‘Hardships only temporary’ says former refugee

‘Hardships only temporary’ says former refugee

Le Ly Haslip speaks to a journalism class. Credit: Oliver Akhtarzad/Chronicle

Author and former Vietnamese refugee Le Ly Hayslip spoke to students Monday about her challenging upbringing and how it has shaped who she is as a person.

The San Diego resident, whose life was inspiration for the 1993 Oliver Stone film “Heaven & Earth,” shared her story with students who will take part in the upcoming HW Go! trip to Vietnam, as well as to a government class and two journalism classes.

Hayslip, who grew up in a tight-knit Vietnamese village, was forced to flee her village and move to Saigon at age 14 during the Vietnam War. She had endured torture, rape, moved the United States in her early twenties and suffered two tragic marriages.

Even so, she managed to stay positive.

“Hardships are only temporary,” she said. “Being a good, honest citizen will get you through,” she said.

She said she never thought she would be able to return to her home country, and when she finally did, it was upsetting.

“When I [went back to] Vietnam, I was shocked. The poverty, the poorness. With the embargoes by the United States government, the U.S. [brought] Vietnam way down in the bottom,” Hayslip said.

Inspired to help, she wrote a memoir and founded two non-profit organizations dedicated to bettering the education, health-care, and sanitary practices for impoverished people in Asia.

In the journalism classes, Hayslip addressed the current refugee crisis and what students can do to help. Although Europe has been getting most of the news coverage about the crisis, recently President Obama agreed to allow 10,000 Syrian refugees into the U.S. by 2016. About 70,000 refugees are permitted to enter the country each year.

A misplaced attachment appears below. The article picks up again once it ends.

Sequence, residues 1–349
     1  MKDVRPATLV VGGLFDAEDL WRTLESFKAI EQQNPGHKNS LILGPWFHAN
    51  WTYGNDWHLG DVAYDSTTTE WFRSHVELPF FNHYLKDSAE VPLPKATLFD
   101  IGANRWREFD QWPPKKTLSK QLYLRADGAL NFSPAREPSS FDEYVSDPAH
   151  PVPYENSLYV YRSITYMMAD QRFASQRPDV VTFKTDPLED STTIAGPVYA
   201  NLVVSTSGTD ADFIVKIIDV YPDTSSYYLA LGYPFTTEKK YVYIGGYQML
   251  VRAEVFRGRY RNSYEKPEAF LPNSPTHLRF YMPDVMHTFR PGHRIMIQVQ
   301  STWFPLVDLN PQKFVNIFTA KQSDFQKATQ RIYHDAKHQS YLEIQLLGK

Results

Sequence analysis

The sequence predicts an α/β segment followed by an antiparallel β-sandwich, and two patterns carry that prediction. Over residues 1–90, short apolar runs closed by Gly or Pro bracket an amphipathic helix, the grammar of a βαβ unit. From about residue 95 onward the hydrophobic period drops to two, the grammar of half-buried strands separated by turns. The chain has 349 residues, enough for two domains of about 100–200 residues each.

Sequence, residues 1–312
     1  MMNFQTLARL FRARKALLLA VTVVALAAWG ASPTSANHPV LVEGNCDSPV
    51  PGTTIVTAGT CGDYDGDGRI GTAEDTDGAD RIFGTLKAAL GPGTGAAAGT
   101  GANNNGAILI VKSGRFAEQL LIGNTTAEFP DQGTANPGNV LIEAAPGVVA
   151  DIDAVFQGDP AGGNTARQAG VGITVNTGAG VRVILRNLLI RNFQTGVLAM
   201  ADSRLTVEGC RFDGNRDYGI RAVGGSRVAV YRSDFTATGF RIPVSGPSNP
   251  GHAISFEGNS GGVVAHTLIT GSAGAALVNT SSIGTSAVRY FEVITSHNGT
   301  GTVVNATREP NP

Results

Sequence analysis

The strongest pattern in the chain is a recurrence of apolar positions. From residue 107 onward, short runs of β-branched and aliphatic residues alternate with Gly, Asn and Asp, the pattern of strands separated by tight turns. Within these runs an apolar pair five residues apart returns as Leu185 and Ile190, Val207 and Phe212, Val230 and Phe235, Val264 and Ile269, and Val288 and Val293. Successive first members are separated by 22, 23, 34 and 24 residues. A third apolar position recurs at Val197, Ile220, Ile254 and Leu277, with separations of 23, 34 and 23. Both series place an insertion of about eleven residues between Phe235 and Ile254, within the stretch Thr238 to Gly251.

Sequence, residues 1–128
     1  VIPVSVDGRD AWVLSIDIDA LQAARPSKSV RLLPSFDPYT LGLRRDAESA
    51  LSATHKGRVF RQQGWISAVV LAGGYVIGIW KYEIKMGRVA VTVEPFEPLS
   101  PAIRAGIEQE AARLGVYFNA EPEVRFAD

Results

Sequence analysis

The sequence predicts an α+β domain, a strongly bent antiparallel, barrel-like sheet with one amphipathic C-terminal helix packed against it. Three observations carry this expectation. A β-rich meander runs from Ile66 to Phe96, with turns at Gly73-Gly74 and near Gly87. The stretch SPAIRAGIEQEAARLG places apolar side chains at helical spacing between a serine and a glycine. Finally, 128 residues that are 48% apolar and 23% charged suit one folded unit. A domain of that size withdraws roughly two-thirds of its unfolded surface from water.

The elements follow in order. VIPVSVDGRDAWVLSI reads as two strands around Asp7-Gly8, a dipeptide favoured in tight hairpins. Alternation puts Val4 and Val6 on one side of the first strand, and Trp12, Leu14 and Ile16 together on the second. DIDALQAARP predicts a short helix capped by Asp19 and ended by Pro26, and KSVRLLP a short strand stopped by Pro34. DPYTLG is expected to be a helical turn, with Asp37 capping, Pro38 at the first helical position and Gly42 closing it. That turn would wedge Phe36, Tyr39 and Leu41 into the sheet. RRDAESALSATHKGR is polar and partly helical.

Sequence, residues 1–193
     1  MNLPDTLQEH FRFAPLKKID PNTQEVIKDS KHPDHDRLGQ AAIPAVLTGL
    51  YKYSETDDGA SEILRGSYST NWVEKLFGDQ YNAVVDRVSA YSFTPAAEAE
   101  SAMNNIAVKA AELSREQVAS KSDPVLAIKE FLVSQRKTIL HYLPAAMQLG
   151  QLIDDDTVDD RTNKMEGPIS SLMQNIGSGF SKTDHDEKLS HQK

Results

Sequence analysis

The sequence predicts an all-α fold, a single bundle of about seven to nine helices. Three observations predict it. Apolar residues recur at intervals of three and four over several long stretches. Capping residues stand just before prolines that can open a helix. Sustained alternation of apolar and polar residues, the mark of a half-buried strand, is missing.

Speaking from her personal experience as a refugee, she told students to “accept the refugees; open your arms and give them a lot of love” to help them integrate into society.

“You don’t know how you feel until you live through it. You don’t know how you can help because you’re so helpless,” Hayslip said. “I feel it’s very unjust for them, because they have homes, just like me, we had a village, we had a house, we had a land, and we had our ancestor’s graveyard, and we had our churches and temples and schools and classrooms. Overnight, we become refugees. Why? Who has the right to put us in that situation? Who has the right to bomb their houses? Who has the right to kill their fathers and take away their rice and food?”

Hayslip also encouraged students to focus on helping others, as she has done for much of her life, rather than focus on just themselves.

“Many people say to help yourself first; rather, I believe you should focus on helping others. Everything you do for others will succeed,” she said.

Even so, she encouraged students to pursue their interests, too, since unlike her, students at Harvard-Westlake have been given a strong foundation on which to grow.

“I came from a poor background, but I made it. You guys come from good backgrounds, and if I can do it, you can,” she said.

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